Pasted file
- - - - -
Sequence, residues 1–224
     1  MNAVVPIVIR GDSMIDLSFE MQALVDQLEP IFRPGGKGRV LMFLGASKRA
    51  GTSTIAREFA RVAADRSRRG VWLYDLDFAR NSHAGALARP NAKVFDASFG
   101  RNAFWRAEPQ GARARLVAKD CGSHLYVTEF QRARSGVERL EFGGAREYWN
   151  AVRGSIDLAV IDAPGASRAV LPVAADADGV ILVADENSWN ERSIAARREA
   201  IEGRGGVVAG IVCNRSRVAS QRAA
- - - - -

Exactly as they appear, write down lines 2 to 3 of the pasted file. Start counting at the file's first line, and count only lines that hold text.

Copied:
     1  MNAVVPIVIR GDSMIDLSFE MQALVDQLEP IFRPGGKGRV LMFLGASKRA
    51  GTSTIAREFA RVAADRSRRG VWLYDLDFAR NSHAGALARP NAKVFDASFG